The warp in the Andean pebble weave segment of the video is the one that Maurice, Lisa and I set up on Lisa’s four-shaft loom in North Carolina. I had intended doing something a lot wider but had not anticipated the amount of warp length that was required for the four-shaft loom and so had not bought enough yarn. So I ended up with a piece that happens to be just the right width for a guitar strap and I already know a guitar player who will love it.

As you can see, it ended up back here in Santa Cruz on my backtrap loom and wasn’t as difficult to retension as I had imagined.

Setting up on the four-shaft loom was a bit freaky. Maurice, however, was completely unphased by this mess and soon tamed it into submission. The two dowels you see at left in the picture are part of a previous abandoned project and were later cut out.

Weaving underway...

Using that big loom to weave a narrow band may seem a bit strange but, if this is the only loom you have, you are not keen on trying backstrap weaving but really want to try Andean pebble weave, then all I can say is, why not?

What’s in the mail and the inbox?

Speaking of Andean pebble weave on other looms, Jennifer is weaving another pebble weave band on her inkle loom and has sent me pictures..

Inspired by Jennifer's progress, Marydargie on Ravelry warped up her inkle loom to weave the band in lesson one in my book.

In a discussion in the inkle weaving group on Ravelry we all agreed that mini inkle looms are not well suited to weaving pebble weave. A heavy-ish with a lot of room in front works well for this technique.  My Ashford Inklette needed to be clamped to a table as it was too light and felt very cramped. Although I managed to weave a band on it in pebble weave, it was not very comfortable.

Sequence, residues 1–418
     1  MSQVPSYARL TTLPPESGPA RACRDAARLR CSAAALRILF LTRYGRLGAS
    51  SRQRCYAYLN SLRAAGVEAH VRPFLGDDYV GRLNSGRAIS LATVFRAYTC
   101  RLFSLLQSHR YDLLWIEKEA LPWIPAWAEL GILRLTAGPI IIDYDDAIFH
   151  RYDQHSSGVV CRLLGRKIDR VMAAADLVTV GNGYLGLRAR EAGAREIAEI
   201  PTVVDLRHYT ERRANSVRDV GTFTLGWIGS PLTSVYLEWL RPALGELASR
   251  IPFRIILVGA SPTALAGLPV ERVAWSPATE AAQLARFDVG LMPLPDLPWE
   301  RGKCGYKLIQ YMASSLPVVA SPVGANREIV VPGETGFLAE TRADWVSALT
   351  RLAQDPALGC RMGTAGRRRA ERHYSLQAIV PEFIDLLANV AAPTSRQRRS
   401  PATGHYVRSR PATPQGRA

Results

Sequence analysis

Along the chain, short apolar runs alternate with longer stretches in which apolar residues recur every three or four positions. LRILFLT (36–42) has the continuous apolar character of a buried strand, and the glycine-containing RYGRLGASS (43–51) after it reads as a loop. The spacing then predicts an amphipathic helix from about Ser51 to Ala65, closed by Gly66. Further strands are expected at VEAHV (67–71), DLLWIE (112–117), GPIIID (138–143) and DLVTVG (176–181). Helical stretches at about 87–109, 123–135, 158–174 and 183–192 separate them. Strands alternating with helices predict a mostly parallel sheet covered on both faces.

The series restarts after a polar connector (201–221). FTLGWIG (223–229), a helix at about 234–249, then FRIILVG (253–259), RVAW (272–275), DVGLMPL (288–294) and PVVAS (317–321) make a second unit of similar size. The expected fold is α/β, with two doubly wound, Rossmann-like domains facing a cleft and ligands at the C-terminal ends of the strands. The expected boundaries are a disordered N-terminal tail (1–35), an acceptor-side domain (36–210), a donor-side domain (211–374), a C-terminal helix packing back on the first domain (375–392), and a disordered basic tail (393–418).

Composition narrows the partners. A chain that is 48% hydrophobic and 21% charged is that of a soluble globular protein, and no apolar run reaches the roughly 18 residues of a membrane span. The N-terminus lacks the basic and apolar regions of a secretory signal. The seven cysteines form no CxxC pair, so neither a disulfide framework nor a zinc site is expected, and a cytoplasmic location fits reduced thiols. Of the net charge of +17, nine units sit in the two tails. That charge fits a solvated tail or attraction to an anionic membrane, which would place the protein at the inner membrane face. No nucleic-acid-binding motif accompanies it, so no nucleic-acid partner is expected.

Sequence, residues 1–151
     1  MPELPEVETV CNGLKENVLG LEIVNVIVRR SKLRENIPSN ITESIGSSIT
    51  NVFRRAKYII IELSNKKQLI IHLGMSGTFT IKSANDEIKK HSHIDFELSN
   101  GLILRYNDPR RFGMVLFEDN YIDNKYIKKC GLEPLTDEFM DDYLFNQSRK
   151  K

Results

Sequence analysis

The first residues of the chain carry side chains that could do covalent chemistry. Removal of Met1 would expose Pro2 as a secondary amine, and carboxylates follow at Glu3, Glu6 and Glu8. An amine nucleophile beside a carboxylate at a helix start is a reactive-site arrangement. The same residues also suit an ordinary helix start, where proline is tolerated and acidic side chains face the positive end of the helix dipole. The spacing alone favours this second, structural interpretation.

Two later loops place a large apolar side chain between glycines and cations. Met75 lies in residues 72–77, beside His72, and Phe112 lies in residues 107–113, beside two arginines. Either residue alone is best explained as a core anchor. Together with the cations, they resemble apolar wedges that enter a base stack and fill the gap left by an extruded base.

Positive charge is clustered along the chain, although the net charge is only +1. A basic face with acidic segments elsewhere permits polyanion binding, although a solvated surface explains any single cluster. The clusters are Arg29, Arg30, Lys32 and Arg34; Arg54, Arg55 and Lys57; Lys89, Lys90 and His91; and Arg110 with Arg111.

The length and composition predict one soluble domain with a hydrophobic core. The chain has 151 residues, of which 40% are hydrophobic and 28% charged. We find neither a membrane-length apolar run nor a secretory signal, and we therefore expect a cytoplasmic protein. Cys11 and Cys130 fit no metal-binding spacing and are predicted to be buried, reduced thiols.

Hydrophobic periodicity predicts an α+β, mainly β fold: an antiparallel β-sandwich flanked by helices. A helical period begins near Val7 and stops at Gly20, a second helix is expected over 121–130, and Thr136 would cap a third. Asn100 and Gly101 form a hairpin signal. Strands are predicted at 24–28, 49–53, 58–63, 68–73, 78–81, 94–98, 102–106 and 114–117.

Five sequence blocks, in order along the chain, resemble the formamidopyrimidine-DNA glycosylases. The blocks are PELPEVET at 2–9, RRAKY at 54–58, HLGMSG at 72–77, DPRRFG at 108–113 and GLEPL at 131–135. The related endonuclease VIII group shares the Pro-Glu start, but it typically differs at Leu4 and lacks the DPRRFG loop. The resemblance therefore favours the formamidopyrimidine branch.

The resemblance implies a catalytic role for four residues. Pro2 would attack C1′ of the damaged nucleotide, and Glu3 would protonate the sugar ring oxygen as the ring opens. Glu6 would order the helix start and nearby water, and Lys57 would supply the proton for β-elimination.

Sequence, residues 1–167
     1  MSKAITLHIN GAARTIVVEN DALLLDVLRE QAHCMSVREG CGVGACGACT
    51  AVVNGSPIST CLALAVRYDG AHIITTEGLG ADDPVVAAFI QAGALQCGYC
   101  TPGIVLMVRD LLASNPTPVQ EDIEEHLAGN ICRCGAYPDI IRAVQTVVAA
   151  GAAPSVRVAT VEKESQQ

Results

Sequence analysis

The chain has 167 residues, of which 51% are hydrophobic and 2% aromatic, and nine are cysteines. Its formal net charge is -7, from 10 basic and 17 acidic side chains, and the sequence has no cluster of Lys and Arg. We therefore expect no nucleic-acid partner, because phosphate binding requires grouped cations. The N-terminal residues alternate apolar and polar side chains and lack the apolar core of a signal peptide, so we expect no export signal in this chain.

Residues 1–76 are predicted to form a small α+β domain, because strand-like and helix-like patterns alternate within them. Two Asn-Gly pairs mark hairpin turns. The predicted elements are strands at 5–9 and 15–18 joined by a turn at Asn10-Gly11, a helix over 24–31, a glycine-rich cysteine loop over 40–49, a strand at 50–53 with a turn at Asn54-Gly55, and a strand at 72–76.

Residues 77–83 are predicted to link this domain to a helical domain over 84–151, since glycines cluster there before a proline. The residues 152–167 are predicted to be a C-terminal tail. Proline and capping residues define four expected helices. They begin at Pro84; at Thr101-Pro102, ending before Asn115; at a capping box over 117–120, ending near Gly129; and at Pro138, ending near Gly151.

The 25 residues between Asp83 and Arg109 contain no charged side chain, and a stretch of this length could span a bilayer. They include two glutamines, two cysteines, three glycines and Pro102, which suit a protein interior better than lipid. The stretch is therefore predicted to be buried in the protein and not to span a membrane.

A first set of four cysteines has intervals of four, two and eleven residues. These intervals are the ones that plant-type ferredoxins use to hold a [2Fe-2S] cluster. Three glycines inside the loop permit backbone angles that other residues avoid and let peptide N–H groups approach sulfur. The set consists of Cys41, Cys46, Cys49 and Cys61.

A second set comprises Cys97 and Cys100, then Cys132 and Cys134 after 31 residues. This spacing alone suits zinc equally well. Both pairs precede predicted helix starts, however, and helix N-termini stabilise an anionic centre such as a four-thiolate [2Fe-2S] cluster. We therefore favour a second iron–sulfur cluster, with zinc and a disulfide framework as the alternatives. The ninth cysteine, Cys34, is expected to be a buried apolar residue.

Francois in California, who has been following this blog, sent me a picture of his finger weaving, at left. I dabbled in finger weaving many years ago attracted by the Peruvian bands Ifound in a book and was surprised to see the enormous piece that he has created. I imagine that this comprises several bands sewn together. Another great technique requiring few or no tools.

Another small discussion on Ravelry was started when someone asked about whether people preferred backstrap or inkle looms in general. I could find  advantages for both, naming as one of the inkle loom’s advantages the fact that the heddles are put in place as the warp is wound but…now I have learned a cool way to do that while winding the warp for backstrap weaving thanks to the Montagnard weavers…

I made a video of Montagnard weaver Ju Nie making these heddles, at left, as she warped and, after watching it many many times was finally able to catch her quick movements and make sense of it. On the right are the heddles I made this way using thick yarn so that I could photograph the process for my journal. I have also made step-by-step diagrams and a video of my own showing the process very slowly just in case I forget! I doubt, however, that I will ever use this technique on my own warps as I am a big fan of the extra hitch on the heddle stick bteween heddle loops.